Facebook Trading Near Its IPO Price Means It Was Priced Right, Not That It Was A Disaster

from the come-on-people dept

You may have heard about a little IPO for some random tech company today. Something to do with books and faces. While we didn't plan to talk about it much (because it's getting covered to death everywhere else), we did want to comment on one thing that we've discussed for many, many years (going all the way back to 1999 and the first month we published in blog format). IPOs that have a big "pop" on the first day are often hyped up in the press as having a "good" IPO. And, the fact that Facebook spent the first few hours after opening trading right around its IPO price is being described in the press as if it was a bad thing:
"It's a total disaster because the stock is trading right at the IPO price," said Francis Gaskins, editor of IPOdesktop.com in Marina del Rey. "They didn't want that in a million years."
I guess this depends on who the "they" is in that latter sentence, but if we were dealing with a rational world, having the trades be right around the IPO price is actually a good thing, which suggests that the underwriters properly priced the IPO to what the market price is. Having a massive pop means that the company actually left money on the table -- often a lot of it.

In case you're unfamiliar with how IPOs work, basically what happens is the underwriters "buy" all the equity that's going on the market from the company, and then put it on the open market. So, that IPO price shows exactly how much Facebook gets. All of the trading after that is between other entities. So, for example, with Facebook, it got $38 per share last night from the underwriters. If, today, the stock had been trading at (just for example's sake) $80, it would have meant that Facebook effectively sold its shares for half price on what the market would bear. That would be more of a disaster, because it would suggest that Facebook missed out on a lot of money.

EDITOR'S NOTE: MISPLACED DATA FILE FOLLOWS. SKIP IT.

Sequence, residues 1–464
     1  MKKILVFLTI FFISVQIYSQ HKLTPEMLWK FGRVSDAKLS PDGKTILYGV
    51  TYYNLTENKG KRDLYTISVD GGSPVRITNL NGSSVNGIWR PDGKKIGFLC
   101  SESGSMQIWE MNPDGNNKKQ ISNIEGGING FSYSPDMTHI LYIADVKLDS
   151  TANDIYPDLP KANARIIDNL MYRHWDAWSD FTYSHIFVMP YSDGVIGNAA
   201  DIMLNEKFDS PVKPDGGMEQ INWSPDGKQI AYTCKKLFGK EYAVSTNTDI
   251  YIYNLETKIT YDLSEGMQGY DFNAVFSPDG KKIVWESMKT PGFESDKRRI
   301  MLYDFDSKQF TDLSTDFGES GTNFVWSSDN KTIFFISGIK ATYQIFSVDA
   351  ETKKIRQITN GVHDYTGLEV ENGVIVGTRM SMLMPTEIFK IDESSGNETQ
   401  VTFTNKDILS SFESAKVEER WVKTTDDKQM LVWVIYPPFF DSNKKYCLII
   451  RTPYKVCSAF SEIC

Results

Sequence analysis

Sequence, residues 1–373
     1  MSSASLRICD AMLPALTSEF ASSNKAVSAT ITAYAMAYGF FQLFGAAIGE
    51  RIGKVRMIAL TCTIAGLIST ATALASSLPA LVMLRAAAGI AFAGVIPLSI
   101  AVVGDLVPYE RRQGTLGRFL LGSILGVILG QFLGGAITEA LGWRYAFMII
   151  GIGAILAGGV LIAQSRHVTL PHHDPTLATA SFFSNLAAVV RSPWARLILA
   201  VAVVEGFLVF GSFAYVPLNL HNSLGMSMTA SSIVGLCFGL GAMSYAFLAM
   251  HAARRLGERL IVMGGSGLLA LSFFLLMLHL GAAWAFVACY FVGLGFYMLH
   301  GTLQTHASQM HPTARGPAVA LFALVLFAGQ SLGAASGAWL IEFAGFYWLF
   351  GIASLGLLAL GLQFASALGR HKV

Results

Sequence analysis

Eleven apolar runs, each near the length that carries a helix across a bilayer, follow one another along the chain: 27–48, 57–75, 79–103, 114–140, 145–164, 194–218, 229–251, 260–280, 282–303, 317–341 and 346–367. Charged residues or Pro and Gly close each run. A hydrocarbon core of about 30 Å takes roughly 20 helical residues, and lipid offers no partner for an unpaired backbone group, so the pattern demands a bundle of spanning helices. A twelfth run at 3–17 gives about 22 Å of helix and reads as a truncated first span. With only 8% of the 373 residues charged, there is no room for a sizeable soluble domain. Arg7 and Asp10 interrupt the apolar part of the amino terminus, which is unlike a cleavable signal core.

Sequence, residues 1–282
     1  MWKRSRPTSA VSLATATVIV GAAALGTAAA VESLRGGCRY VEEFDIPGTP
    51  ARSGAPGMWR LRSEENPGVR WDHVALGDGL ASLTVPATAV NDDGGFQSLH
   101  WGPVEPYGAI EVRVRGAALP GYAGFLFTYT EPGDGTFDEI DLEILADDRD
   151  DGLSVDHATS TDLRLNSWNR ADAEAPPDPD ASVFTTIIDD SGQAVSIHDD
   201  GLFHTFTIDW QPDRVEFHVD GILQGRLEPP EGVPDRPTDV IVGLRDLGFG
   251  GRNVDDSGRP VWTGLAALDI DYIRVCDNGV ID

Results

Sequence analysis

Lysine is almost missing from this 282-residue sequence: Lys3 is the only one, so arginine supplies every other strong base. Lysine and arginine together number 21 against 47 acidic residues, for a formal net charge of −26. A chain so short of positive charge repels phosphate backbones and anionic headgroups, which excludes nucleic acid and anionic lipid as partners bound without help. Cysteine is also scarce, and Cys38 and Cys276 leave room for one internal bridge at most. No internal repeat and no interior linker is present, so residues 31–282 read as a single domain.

Of course, the banks often like to underprice things a bit, because that creates more buzz and more trades (and they can get more money that way too). But, from Facebook's standpoint, it should be happy that the trading remains around the opening price. Of course, going forward, the company should want the stock price to go up, because that means when it taps back into the market it can get more for whatever equity it sells. But an initial day pop, for all the hype and press it generates, is not something that should be celebrated. It shows that a company got shafted.

Filed Under: ipo, market price
Companies: facebook

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  1. icon
    Suzanne Lainson (profile), 19 May 2012 @ 10:57am

    Re: Is dotcom crash 2 coming?

    There are two different phenomena to keep in mind:

    1. Investor mentality.
    2. Viable businesses.

    The dotcom crash wiped out enough investor portfolios that many of those people have never gotten back into the market. And it looks like some of them didn't bite with the Facebook offer, either. People aren't buying it like crazy, so caution still appears to be the watchword. Anyone else hoping to do an IPO may be thinking twice about it now.

    But companies that look sound and are efficiently run may not need to do an IPO anyway. They can get their funding from private investors, crowdfunding projects, maybe some grants, and maybe loans.

    What happens in the stock market does not necessarily keep the worthy companies from getting money. What it does do is discourage backing of companies where the only purpose is to take it public and not worry about it after the initial investors and the investment bankers take their share. If "dumb" investors catch on that the bubble is really just them being scammed, the bubble bursts, and caution happens again.

    The ripple effect of Facebook's meh IPO already seems to be happening. In my mind, that's good. It means maybe there aren't a lot of "greater fools" to be exploited. That means that VCs might look more carefully at what they are throwing money at.

    I like all the tech incubators that have popped up. Yes, let's have lots of creative types seeing if they can create good companies. But that doesn't mean most of those companies are worth or are going to need to go to the IPO stage. And if there isn't a lot of support at the IPO stage, the initial investors will think twice before counting on that as their exit strategy.

    I'm not sure if all that is clear to some of you, but the fact that Facebook isn't going to fold right away doesn't, therefore, mean that we won't see a dotcom 2 crash. Social media companies will keep chugging along. Most will fail, and a few will survive, and hopefully investment money will look for other areas than just social media.

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